The deadly gas explosion in East Harlem three years ago represented a worst case scenario. Con Edison’s settlement of more than $150 million with New York signals an increased city-wide focus on gas leaks. One residential building in West Harlem has been without gas since November, after one call led to extreme precaution. Hannah Long-Higgins has the story.
BARKSDALE: It was a leak in E tower. Last year there was a leak in C tower. Each tower, even though it’s one big building, each tower has their main gas line.
LONG-HIGGINS: On a Wednesday afternoon, Alicia Barksdale is walking me through the basement of the building, where chunks of missing ceiling expose large pipes. Plumbers walk in and out of a dimly lit room.
BARKSDALE: It looked like a war zone at one point.
LONG-HIGGINS: Barksdale is the president of the Tenant Association – and she’s lived here a long time, too. In November, after a resident smelled gas and called 9-1-1, all gas lines were shut down. And getting the gas turned back on it – it’s been a long and complicated process.
LONG-HIGGINS: We get on the elevator to head upstairs. There are signs in the elevator with info about a planned visit from a building inspector tomorrow.
BARKSDALE: As you see they can’t say they never got notice, plus it’s put under everybody’s door (fades down)
LONG-HIGGINS: Because there’s no gas, people can’t run their stoves or their dryers. Terrance Cotano’s lived in the building for 25 years and he’s never experienced this primitive version of his own home.
COTANO: We can’t even, you know, dry our clothes when we go wash, because you need the gas for the heat.
LONG-HIGGINS: And more than that, as a father of young kids, he says he’s spent $1500 more this month on food and laundry.
COTANO: It’s a headache, because we can’t cook a decent meal because the hot pots that they give us, and it’s not fair.
LONG-HIGGINS: Fairness is on Alexander Liebermann’s mind too. He shares a $3,000 three-bedroom apartment with two roommates and tells me the hot pots aren’t enough.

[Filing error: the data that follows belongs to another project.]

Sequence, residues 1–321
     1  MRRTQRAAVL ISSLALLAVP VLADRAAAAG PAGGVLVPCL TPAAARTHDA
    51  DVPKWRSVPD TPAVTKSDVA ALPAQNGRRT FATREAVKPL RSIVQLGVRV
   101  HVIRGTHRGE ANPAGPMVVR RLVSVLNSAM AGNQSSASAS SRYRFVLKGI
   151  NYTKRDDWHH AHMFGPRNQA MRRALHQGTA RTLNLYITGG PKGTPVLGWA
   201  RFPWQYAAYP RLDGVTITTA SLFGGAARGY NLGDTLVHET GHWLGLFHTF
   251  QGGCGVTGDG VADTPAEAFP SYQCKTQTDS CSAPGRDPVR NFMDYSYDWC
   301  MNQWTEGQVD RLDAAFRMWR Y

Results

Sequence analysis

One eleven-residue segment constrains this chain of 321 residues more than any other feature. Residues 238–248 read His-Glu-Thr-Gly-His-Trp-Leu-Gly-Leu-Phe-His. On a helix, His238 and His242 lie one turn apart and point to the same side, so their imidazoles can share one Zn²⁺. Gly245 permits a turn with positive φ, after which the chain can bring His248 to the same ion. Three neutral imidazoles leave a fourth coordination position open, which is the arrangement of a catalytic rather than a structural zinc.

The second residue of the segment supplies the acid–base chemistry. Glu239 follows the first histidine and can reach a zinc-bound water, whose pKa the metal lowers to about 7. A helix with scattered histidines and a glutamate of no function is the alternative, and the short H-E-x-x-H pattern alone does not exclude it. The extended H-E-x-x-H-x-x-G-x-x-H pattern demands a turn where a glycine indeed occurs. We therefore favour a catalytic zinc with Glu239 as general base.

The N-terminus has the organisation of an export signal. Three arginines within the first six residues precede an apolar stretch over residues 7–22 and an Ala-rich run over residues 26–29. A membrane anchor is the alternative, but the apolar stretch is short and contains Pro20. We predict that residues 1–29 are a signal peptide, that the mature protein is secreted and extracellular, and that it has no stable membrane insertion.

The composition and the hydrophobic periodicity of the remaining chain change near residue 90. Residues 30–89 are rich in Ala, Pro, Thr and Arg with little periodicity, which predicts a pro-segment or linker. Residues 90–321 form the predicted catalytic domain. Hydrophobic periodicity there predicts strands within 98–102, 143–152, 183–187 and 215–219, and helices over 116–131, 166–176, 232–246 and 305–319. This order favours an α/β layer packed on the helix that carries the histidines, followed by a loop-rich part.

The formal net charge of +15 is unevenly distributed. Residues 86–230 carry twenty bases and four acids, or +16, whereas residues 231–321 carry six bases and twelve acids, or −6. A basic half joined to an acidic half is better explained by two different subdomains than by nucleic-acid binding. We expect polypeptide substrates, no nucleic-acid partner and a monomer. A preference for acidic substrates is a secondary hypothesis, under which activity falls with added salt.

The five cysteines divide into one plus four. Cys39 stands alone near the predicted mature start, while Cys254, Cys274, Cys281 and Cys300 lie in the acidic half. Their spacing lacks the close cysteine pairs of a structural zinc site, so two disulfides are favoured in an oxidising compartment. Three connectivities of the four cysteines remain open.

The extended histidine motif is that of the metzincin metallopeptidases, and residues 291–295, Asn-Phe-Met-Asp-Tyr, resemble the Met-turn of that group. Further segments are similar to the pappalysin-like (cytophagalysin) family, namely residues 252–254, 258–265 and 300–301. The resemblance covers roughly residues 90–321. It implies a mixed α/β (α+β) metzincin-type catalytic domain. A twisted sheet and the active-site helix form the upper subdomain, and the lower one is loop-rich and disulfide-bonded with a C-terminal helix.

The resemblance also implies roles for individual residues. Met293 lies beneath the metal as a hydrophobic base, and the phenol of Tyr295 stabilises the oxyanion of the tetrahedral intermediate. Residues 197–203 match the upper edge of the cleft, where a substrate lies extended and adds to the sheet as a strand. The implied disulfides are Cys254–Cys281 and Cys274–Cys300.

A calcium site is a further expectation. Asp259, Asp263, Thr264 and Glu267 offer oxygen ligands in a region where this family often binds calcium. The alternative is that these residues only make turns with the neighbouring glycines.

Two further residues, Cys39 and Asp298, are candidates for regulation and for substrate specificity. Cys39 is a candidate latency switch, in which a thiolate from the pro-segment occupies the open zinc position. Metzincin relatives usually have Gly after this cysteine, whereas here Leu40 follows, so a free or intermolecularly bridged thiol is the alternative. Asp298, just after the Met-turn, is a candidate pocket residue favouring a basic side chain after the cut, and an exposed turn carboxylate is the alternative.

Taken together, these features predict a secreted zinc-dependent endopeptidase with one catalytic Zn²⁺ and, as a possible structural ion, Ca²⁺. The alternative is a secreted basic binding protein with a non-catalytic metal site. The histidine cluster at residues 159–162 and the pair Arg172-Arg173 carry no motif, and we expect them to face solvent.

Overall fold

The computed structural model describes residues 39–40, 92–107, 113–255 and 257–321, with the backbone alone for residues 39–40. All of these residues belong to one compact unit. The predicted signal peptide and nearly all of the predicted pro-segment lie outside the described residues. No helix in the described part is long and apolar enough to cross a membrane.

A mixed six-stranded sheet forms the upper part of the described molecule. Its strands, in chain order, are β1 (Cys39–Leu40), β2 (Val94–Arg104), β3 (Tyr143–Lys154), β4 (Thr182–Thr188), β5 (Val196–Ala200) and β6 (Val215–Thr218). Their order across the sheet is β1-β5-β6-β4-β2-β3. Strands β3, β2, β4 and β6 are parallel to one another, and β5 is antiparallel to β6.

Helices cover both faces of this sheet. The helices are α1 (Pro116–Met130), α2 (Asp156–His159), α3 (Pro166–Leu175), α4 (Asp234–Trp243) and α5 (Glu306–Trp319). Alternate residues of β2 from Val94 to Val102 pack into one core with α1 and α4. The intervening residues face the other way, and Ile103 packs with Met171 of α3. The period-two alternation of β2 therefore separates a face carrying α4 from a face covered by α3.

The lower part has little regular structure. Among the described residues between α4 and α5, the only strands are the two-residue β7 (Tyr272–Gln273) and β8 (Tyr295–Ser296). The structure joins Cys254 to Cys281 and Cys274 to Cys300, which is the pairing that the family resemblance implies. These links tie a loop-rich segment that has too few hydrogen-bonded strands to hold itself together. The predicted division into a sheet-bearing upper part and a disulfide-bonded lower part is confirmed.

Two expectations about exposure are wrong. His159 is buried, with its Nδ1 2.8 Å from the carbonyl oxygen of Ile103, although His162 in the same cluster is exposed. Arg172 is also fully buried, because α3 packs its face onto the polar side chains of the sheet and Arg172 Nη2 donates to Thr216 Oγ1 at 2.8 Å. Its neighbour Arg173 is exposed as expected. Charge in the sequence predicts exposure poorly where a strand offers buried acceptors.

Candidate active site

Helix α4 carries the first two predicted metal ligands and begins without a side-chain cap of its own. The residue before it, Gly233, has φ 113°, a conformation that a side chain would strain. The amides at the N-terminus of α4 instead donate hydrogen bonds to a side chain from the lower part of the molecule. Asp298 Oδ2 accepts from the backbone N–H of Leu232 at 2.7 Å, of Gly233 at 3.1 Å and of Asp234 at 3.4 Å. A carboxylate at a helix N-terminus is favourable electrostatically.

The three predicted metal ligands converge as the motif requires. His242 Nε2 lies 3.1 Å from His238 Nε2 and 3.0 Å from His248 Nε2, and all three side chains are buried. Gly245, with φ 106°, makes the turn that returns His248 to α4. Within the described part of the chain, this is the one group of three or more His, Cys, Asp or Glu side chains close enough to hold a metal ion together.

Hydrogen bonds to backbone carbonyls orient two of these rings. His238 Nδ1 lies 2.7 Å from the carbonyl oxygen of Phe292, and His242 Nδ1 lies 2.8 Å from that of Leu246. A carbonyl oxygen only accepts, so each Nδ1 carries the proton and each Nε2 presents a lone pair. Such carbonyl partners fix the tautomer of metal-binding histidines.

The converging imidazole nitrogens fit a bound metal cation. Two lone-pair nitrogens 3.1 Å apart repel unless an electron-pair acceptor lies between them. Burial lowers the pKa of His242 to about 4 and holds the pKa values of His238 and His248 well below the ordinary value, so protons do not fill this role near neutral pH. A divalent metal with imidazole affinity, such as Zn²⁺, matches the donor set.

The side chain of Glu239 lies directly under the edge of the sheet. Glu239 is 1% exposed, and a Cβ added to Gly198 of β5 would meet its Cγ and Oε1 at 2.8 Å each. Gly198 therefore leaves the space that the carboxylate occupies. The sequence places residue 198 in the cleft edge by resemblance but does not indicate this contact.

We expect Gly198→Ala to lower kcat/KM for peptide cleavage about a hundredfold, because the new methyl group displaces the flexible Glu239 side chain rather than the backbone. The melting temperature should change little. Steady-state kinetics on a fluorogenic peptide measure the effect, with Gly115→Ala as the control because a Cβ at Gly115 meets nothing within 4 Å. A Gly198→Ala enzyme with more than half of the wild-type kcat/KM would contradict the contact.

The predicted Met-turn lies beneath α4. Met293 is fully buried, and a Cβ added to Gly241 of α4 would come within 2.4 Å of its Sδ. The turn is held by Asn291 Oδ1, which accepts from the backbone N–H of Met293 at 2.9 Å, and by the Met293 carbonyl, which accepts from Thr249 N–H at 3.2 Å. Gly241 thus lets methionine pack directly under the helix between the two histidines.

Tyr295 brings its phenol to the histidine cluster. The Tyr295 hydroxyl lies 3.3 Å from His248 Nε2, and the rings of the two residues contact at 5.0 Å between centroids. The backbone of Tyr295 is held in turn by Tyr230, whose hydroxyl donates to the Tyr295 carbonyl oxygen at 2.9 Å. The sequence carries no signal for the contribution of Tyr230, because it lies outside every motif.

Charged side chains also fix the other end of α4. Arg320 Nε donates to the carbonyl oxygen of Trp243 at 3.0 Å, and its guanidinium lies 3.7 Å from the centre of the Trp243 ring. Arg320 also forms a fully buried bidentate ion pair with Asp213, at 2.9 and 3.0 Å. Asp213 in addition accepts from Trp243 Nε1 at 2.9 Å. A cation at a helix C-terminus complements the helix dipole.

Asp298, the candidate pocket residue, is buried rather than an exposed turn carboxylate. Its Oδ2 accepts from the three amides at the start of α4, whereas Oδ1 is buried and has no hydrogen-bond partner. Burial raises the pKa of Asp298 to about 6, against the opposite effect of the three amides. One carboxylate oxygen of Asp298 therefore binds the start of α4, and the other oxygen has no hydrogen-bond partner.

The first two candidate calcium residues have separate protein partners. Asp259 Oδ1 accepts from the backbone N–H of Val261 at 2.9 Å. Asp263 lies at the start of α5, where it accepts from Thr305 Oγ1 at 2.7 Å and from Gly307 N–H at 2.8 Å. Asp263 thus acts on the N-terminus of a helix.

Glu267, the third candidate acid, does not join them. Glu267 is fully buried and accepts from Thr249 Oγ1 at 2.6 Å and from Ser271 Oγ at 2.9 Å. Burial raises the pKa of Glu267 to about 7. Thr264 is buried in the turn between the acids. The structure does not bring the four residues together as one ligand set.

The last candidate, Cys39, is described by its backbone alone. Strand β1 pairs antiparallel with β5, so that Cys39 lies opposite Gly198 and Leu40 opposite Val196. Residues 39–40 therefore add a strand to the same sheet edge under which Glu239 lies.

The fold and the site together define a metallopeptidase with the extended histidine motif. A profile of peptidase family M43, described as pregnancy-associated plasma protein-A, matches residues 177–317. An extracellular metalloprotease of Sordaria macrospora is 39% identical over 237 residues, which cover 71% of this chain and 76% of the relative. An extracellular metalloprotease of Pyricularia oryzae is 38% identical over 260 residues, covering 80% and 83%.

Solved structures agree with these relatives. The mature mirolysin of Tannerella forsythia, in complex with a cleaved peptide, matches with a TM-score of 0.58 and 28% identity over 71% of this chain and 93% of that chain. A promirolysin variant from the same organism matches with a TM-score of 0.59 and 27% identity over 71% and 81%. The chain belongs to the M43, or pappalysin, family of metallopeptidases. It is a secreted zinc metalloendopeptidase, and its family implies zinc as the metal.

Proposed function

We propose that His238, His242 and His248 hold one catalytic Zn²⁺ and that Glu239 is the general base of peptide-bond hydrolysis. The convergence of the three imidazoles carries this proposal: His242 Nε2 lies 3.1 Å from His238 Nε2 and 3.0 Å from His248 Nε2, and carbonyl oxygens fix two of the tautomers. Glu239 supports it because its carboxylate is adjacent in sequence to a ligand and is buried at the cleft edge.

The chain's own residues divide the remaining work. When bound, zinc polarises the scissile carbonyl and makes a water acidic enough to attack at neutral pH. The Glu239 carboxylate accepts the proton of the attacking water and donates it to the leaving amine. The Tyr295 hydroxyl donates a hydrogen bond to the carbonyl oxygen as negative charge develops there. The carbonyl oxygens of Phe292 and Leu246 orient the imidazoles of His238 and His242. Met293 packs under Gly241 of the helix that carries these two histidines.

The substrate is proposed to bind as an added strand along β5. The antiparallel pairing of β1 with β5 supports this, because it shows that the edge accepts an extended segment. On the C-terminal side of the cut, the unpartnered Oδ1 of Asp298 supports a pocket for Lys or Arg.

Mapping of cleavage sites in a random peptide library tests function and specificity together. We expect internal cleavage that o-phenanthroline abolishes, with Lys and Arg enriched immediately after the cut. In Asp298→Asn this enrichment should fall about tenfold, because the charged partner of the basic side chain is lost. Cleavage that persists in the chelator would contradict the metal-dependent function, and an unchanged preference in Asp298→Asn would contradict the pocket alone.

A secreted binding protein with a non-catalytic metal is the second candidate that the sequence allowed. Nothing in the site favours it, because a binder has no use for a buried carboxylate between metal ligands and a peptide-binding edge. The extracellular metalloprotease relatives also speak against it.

LIEBERMANN: To boil water it takes ages, so what I do is like, I use the kettle, and then I put the hot water in the pot, and then I cook pasta. It works well, but to be honest, electricity charges are much higher now.
LONG-HIGGINS: The building’s management has cut the rents to cover some of the costs. But Liebermann says the difference doesn’t cover the added cost of inconvenience. And before the gas can come back on, the building’s pipes have to pass multiple inspections by several different agencies, and it’s a process that can feel like it’s going around and around in circles. Meanwhile, residents like Barksdale have to wait it out.
BARKSDALE: It’s costly, you know, I have my mom who comes a couple of days a week that I have to feed for her doctor’s appointment.
LONG-HIGGINS: But Barksdale is a glass-half-full kind of person.
BARKSDALE: Me? I’m fine. I was like eating cereal like okay, I can get rid of some of the—lose weight, you know, people look at it as different things.
LONG-HIGGINS: Before the gas can come back on at 3333, the Department of Buildings has to check the risers in each and every apartment. Just one uncooperative tenant can halt the process for everyone else. Barksdale likes to keep it in perspective.
BARKSDALE: This is a gas leak, and this is, you know, 5,000 lives in jeopardy. Some tenants don’t like it, but you know, we’re alive.
LONG-HIGGINS: Alive and safe, but at an extra cost.
Hannah Long-Higgins, Columbia Radio News.